CART 0

Agnes Martin

Selvedge

Guest Exhibition Review by George Townsend

This summer, Tate Modern is holding the first retrospective on abstract expressionist Agnes Martin in over twenty years. As with all of these Tate summer shows, it’s huge – including eleven sizable rooms of paintings, not to mention works in other media: prints and pencil drawings, as well as sculpture involving found objects. The Heavenly Race (Running) c.1959 In Martin’s case, the beauty of a retrospective as grand as this, is that both the trends and the transitions particular to her career become clearly visible: her taste for empty white space, enclosed by washed – out pinks, grey-blues and earthy browns, recurs throughout, as does the subtle interaction of oils and graphite on canvas. On the other hand, the curvy biomorphic forms of early, Jean Arp-esque works such as Midwinter (1954) have clearly been relinquished by the late 1960s, in favour of austere horizontal stripes, and the meticulously hand-drawn grids of masterpieces like A Grey Stone (1963). nlkn Another striking continuity is Martin’s pursuit of what she termed ‘innocence of mind’. Playfully scrawled in amongst the forms of her early paintings, Martin’s childlike, curly – lettered signature disappears in the 60s. But her later works (and the Islands I-XII series in particular) nonetheless suggest a similar love of innocence, pursued on a more fundamental level – not through forms abstracted from nature, but through a series of approaches to formlessness itself. On a Clear Day 1973 And if all this begins to sound like the spiel of a mindfulness handbook, perhaps that’s unsurprising. With titles like ‘Friendship’ and ‘I Love the Whole World’, it’s undeniable that Martin was something of a hippy, that her work has a kind of spiritual, New Age element to it. But however earnest the spirituality behind her practice, part of the appeal of the paintings – and the show as a whole - stems from the artist’s sheer attention to detail, in terms of colour, line and mark. Her work seems always to invite closer, more intimate inspection first – sentimental response later. Agnes Martin at the Tate Modern until 11 October, Sun–Thurs, 10–6, Fri–Sat, 10–10 Tate Modern, Bankside, London, SE1 9TG www.tate.org.uk b;bj Image Credits from top: Agnes Martin (1912-2004) Untitled #10 1990 Pace Gallery, New York © 2015 Agnes Martin / Artists Rights Society (ARS), New York Agnes Martin (1912-2004) The Heavenly Race (Running) c.1959 Private collection © 2015 Agnes Martin / Artists Rights Society (ARS), New York Agnes Martin (1912-2004) Untitled #1 2003 Fondation Louis Vuitton, Paris © 2015 Agnes Martin / Artists Rights Society (ARS), New York Agnes Martin (1912-2004) On a Clear Day 1973 Parasol Press, Ltd. © 2015 Agnes Martin / Artists Rights Society (ARS), New York Agnes Martin (1912-2004) Friendship 1963 Museum of Modern Art, New York © 2015 Agnes Martin / Artists Rights Society (ARS), New York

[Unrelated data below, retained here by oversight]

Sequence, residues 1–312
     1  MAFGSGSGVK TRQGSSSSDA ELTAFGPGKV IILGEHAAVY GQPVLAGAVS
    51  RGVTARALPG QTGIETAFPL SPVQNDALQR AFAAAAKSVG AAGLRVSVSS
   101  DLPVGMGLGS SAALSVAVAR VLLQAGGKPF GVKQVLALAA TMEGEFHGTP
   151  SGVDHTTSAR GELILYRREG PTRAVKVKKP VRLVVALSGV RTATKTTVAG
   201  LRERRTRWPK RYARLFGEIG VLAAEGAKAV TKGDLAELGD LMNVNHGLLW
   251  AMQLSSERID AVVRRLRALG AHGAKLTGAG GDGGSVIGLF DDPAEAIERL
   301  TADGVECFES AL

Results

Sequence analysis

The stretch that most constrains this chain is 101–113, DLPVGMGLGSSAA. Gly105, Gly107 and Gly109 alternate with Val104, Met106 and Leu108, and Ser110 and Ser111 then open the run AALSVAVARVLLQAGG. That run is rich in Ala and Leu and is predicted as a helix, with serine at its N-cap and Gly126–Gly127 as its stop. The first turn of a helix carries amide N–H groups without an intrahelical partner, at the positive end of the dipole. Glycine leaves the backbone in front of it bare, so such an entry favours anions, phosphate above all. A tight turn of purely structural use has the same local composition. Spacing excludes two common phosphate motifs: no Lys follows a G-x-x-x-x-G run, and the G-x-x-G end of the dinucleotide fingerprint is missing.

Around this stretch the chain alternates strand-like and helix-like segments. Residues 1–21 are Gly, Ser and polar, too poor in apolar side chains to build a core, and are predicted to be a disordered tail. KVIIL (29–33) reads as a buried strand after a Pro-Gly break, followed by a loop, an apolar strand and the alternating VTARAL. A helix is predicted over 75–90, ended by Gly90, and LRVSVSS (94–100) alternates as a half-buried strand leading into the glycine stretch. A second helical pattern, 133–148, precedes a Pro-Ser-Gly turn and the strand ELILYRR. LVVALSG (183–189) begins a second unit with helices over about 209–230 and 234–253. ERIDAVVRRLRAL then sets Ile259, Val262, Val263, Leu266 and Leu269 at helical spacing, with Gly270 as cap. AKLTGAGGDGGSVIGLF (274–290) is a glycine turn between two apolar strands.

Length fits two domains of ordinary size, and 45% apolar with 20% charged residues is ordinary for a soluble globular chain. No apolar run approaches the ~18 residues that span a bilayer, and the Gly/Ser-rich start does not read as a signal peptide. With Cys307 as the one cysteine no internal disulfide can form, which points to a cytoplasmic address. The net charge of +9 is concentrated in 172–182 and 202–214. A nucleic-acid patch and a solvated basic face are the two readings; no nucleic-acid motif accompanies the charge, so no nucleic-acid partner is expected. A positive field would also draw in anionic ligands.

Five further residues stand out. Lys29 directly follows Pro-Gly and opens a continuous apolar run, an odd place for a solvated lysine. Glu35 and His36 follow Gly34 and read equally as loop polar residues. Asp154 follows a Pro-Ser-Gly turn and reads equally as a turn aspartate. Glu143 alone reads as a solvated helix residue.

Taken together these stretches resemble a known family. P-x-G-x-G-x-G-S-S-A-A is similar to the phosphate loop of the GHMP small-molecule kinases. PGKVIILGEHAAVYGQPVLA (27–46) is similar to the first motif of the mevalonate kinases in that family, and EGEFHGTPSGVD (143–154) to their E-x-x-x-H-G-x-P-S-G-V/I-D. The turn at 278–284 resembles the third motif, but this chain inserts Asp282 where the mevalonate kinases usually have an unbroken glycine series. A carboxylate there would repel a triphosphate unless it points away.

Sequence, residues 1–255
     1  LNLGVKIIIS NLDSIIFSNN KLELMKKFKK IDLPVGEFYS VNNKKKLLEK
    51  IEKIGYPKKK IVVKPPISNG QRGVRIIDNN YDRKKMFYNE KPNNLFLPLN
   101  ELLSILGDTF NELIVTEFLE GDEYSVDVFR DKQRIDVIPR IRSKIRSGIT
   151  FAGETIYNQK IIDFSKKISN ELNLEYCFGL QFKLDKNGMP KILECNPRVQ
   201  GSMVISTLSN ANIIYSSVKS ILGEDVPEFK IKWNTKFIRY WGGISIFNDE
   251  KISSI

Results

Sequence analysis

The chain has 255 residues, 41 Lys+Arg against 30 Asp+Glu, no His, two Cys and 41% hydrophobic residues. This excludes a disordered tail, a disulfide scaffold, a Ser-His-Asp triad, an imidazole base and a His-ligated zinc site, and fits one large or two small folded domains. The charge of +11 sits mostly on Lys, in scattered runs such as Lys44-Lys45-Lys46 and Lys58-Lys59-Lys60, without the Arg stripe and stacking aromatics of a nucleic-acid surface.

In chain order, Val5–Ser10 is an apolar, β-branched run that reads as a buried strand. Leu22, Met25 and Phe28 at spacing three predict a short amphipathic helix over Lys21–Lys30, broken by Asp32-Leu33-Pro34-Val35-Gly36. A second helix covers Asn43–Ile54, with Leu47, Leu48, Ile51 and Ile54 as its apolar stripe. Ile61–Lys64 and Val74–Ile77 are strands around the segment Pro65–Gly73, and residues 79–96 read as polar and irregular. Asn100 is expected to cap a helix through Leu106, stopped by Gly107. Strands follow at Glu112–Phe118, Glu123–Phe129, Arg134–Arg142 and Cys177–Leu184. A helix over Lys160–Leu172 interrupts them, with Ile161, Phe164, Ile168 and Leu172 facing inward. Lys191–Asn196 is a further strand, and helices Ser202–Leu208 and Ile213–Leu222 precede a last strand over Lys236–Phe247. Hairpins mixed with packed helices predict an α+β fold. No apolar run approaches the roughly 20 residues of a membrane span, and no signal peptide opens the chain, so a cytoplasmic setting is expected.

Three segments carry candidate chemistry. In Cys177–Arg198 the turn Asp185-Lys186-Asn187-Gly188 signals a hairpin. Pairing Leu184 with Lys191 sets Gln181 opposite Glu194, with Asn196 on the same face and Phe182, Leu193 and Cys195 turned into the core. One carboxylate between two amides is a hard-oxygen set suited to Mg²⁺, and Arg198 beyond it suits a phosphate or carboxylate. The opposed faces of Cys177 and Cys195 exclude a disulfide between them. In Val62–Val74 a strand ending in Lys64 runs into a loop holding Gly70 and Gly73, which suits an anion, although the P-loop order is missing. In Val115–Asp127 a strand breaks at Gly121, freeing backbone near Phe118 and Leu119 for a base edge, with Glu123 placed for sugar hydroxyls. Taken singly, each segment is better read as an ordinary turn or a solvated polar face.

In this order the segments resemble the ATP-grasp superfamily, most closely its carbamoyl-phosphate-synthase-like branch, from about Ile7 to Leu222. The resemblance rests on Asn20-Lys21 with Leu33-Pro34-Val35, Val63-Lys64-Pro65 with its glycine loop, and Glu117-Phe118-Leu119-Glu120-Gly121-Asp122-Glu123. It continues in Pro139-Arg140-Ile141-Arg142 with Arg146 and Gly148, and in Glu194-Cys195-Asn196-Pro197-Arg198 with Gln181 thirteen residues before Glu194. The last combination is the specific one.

Older Post Newer Post


Leave a comment

Please note, comments must be approved before they are published

Sale

Unavailable

Sold Out